[Ovmsdev] OVMS v3 First Board Layout
casner at acm.org
Thu Mar 30 13:33:08 HKT 2017
I like the reliability of sticking with the 5V CAN transceiver. Why
not structure the power system to use one switching power supply to go
from +12V to 5V and another to go from 5V (originating from +12V or
from USB) to 3.3V? The Raspberry Pi typically gets power from USB;
the Model B+ needs both 3.3V and 1.8V which are provided by a tiny,
high-efficiency dual buck converter chip. I tested pulling an extra
100mA from 3.3V and did not notice any significant heat from any of
the power supply components.
See the following for a description of the old RPi circuit that used a
simple but hot regulator and a comparison to the new circuit:
That article also mentions (but does not fully explain) the use of a
MOSFET instead of a diode for power supply routing.
Regarging external connectors, I did not know a second connector was
planned. However, using a higher-density connector makes sense these
days. I've handled many DB-25 connectors for RS-232 serial in years
past, but those seem positively gigantic now.
BTW, I think it is a DE9-M, not DB9-M.
On Thu, 30 Mar 2017, Mark Webb-Johnson wrote:
> I’m trying to finalise the OVMS v3 final board layout, with the factory in China. We have some questions and seek your opinions:
> CAN transceivers / power
> Overall, the OVMS v3 system runs at 3.3V. We have two power supply sources: USB (where we use a 5V -> 3.3V regulator), and +12V vehicle power (where we use a +12V -> 3.3V switching power supply, to be as energy efficient as possible). Diodes are used for reverse-polarity protection as well as coping with the situation where both usb and vehicle power is applied simultaneously.
> Our problem is with the CAN transceivers. I’m used to the MCP2551 (been using it for a decade or more), but that is 5V so greatly complicates the power supply arrangements at the +12V side. We can switch to something like the SN65HVD233 transceiver that works at 3.3V.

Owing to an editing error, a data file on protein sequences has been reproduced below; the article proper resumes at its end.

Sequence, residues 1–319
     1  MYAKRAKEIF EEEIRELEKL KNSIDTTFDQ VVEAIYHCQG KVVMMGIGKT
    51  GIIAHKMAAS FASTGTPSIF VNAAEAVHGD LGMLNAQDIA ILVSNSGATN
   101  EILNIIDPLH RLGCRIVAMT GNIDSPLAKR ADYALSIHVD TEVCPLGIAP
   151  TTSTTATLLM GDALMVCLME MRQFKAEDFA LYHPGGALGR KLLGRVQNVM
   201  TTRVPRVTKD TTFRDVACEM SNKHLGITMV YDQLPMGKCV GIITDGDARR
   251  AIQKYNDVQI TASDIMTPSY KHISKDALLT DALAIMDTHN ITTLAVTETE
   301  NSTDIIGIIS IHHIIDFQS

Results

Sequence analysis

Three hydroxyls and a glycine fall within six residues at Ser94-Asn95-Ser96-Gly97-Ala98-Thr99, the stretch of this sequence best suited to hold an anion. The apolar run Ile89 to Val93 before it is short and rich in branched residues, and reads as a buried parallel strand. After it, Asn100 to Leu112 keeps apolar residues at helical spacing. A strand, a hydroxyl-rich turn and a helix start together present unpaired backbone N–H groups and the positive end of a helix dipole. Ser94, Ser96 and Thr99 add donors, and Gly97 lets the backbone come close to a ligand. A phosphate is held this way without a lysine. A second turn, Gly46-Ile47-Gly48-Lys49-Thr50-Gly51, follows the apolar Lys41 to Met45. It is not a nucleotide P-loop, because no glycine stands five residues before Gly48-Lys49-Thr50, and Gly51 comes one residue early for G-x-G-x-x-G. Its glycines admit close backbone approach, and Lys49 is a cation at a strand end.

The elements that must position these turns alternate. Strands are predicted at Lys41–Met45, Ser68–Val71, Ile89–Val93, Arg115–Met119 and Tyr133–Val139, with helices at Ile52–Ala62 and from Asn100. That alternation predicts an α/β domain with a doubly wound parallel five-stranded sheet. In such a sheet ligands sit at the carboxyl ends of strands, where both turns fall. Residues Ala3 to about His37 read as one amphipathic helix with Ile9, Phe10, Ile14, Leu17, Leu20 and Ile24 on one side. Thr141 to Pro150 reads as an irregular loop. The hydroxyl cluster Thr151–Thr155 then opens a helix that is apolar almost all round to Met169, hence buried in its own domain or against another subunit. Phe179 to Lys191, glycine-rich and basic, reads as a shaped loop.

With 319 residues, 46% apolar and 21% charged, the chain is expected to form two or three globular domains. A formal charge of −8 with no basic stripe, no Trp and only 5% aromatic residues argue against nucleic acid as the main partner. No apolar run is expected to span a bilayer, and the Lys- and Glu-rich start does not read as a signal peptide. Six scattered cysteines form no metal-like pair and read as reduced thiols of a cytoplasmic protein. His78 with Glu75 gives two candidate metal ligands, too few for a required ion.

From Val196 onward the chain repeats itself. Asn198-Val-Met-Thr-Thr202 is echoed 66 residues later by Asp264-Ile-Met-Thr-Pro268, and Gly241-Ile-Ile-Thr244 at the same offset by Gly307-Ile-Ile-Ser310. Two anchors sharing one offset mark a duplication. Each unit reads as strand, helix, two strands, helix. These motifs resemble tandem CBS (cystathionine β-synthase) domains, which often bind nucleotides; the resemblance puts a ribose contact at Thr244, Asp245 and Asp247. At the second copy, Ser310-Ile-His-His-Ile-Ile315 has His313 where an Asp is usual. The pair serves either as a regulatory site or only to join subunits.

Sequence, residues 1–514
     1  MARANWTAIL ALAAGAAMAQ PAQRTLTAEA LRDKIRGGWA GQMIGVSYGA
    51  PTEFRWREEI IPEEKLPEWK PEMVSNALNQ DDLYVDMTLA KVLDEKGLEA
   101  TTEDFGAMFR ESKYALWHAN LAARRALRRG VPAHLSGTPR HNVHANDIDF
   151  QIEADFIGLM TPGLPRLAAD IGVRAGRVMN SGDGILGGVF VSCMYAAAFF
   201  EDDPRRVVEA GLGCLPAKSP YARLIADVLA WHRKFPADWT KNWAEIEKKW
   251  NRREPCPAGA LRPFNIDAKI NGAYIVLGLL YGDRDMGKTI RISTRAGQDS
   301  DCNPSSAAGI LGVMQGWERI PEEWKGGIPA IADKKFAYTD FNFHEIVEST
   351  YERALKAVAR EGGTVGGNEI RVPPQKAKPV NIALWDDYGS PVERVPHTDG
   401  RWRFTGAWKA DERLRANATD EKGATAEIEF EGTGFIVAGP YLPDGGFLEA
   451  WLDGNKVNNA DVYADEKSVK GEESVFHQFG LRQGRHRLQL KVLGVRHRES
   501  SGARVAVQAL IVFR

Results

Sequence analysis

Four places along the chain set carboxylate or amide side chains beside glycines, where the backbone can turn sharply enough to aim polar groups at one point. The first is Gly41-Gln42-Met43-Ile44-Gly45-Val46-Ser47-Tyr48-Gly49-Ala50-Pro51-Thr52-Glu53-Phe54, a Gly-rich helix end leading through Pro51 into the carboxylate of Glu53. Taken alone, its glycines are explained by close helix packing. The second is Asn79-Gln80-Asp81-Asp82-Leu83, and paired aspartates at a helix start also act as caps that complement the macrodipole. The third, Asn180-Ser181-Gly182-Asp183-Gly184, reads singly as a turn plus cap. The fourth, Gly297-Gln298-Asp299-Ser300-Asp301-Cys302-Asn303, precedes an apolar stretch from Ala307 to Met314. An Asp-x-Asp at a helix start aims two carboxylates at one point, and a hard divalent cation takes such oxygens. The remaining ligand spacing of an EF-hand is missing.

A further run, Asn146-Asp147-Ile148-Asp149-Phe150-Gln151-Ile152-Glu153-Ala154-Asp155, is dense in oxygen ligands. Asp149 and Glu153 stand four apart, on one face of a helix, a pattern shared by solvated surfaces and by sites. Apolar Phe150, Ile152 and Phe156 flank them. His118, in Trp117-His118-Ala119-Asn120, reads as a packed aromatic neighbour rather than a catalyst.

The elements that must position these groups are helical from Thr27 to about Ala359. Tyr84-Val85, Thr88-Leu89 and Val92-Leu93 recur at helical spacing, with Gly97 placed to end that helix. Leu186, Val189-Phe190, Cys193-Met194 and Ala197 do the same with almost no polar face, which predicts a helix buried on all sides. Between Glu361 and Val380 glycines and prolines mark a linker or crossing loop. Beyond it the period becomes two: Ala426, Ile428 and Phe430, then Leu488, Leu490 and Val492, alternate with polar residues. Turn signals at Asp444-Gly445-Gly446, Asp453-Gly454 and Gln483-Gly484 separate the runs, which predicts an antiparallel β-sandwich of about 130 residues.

> But, I am concerned about comments I am reading about 3.3V CAN transceivers and their inability to meet the ISO11898 dominant condition requirement of 3.5V. From my understanding, these 3.3V CAN transceivers get around this by driving CAN-L to 1V, to still get the differential of about 2V (recessive condition?). My concern is compatibility.
> What do people think about this? Any recommendations?
> External Connectors
> The idea is to retain the existing DB9 connector, with the same basic pin arrangement:
> DB9-M Signal
> 3 Chassis/Power GND
> 2 CAN-L (primary)
> 7 CAN-H (primary)
> 4 CAN-L (alternate CAN)
> 5 CAN-H (alternate CAN)
> 9 +12V Vehicle Power
> That leaves pins #1, #6, and #8 free for expansion uses. It gives us compatibility with existing OVMS cables.
> We would then add a second connector. The suggestions here are DB15 normal density, DB25 normal density, or DA-26 high density. My preference is the DA-26 (as DB25 is the old parallel printer style connector and very bulky). As well as power lines, expansion cards could wire to this connector to expose external inputs/outputs.
> What do people think about the DA-26 connector? I’m suggesting a female version (as power is carried there, and I don’t want the pins to get pushed together for a short).
> Note that we’ve also got a micro-usb socket, as well as space for GPS and GSM/GNS antennas.
> Other than that, we are good to go. Things have stabilised now with Espressif, so we can proceed with building developer boards.
> Regards, Mark.
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